Saturday, January 22, 2011

What Are We Teaching Our Kids??

I'm sure most of you have seen this commercial, where the little boy is "feeling sorry" for the other kids who have "lame parents" that don't drive cool cars.  REALLY??  People are NOT  the cars they drive NOR the homes they live in.  It amazes me that a company like Toyota would even think this commercial is ok.  What I am starting to wonder is what age group is in charger of making these commercials now?  Obviously a younger generation than me!! 

I have such a huge problem with this commercial.  It's becoming a sad statement of the society we are living in today.  Cars should not be a "status symbol".  Cars are a means of transportation, to get you from point A to point B.  I think its terribly sad that even the youngest of children are being exposed to these kinds of statements, and will be influenced at an early age to start comparing what they have to other people. 

I sometimes wonder just what made society change as a whole from just being nice and respectful to one another, to being mean and derogatory because someone doesn't have as nice of things as you do. 

I have thought many times that commercials are probably the number one thing that leads to theft/robberies/and feelings of hopelessness among folks.  If you have ever been really really poor, and you are forced to watch commercial after commercial of places you can't eat at, clothes you can't wear, vacations you can't take, and cars you can't drive, you really start to despise the way the world turns.  Heck, I have to remind myself all the time that the sparkly, clean, super organized  houses I see in commercials are just that, COMMERCIALS.  Commercials are not an accurate representation of society as a whole.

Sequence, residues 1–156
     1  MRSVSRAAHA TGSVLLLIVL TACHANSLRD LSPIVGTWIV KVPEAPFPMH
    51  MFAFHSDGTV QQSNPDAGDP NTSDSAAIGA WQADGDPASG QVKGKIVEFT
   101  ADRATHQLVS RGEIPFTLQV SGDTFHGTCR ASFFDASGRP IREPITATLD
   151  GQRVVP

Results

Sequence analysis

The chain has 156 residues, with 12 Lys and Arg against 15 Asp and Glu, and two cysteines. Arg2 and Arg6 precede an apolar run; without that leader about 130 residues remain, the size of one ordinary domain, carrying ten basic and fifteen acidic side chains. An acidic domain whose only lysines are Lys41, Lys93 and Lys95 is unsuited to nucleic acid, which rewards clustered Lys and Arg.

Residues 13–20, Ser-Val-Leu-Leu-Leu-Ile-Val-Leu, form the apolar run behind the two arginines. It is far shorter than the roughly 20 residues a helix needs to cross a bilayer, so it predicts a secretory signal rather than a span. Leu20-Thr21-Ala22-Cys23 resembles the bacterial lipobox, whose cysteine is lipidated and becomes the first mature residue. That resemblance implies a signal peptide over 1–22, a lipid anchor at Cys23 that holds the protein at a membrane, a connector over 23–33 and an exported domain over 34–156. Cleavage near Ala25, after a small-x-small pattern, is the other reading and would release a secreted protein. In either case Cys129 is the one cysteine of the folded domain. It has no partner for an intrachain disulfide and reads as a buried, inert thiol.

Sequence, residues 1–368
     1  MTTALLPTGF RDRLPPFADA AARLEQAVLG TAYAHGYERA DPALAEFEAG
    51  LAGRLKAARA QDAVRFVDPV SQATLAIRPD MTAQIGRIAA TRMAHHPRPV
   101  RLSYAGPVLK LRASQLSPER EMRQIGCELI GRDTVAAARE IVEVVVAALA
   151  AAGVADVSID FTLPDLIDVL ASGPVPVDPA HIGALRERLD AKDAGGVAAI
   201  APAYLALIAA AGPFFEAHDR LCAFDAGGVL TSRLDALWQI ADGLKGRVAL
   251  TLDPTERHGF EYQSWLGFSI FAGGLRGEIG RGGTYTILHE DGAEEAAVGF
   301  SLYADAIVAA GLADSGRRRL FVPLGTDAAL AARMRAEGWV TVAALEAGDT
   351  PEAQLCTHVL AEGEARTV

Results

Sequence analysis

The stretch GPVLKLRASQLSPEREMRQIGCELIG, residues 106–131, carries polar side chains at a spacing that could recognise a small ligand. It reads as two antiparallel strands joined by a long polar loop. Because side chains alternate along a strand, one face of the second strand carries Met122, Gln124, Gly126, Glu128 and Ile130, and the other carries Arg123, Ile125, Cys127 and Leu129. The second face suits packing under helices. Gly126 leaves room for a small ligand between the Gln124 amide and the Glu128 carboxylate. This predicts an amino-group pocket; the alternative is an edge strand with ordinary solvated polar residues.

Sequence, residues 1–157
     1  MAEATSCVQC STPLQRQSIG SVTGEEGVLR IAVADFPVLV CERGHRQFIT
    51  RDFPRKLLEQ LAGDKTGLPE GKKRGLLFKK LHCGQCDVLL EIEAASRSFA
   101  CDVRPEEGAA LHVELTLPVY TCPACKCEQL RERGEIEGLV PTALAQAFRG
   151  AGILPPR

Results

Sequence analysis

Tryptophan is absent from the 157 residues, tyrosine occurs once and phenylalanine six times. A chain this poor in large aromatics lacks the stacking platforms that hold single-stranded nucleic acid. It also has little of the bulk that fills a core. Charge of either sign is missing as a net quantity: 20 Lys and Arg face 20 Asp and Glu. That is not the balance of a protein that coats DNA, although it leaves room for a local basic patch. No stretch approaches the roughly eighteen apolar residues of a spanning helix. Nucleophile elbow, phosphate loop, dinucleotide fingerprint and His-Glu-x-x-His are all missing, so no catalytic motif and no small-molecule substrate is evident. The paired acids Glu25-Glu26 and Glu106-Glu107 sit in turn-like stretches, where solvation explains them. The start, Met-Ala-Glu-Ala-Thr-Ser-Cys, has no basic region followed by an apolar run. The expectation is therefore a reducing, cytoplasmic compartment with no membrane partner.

I know for a fact that children are not automatic judgers of these sorts of things, they are taught it.  Last year I took Payton to a McDonald's play place.  He was having a good time, running up and down and sliding down the big slides.  A father brought in his son and his daughter.  I was a little surprised, but didn't want to show it, because the little girl had two arms and no legs.  None.  She could still get around by using her upper body strength and what parts of her legs she did have.  Payton became her new best friend.  He wanted her to go up and down the climbing thing and down the slides, and he never thought twice about noticing her differences.  To him, she was just a playmate.  He never said a word to me about her being different.  All he knew was that she was nice to him. 

I pray that most parents will have the common sense to teach their children that nice things are just that, nice, and you don't flaunt them when you do have them and that people are still "cool" even if they drive cars that are over 2 years old or live in a tiny shack next to a river. 

I know I am preaching to the choir, but I have to tell another story that goes along with this.  My husband used to sell tractors.  From time to time customers would come in that no one else would help, because the salesmen were very judgemental about how the prospective "customers" were dressed.  They would decide just  by looking at someone if they could afford to shop there or not.  So sad. 

An older man came in wearing overalls and no shoes.  He smelled like he hadn't had a bath in a few days.  The other salesmen ran the other way .  Billy being the super nice guy he is went right up to him and treated him with the respect that he deserved.  He told him he needed a new cab tractor for his place.  Billy showed him the one he wanted, he said he would take it.  Billy asked him if he would like to visit the finance office.  The man said no, that he would go home and come back in a little while.  He came back alright, still dressed the exact same, but with $38,000 in cash stuffed in his overalls. 



  1. This is a perfect example of why we became fast friends...we think alike! great blog :o) hugs



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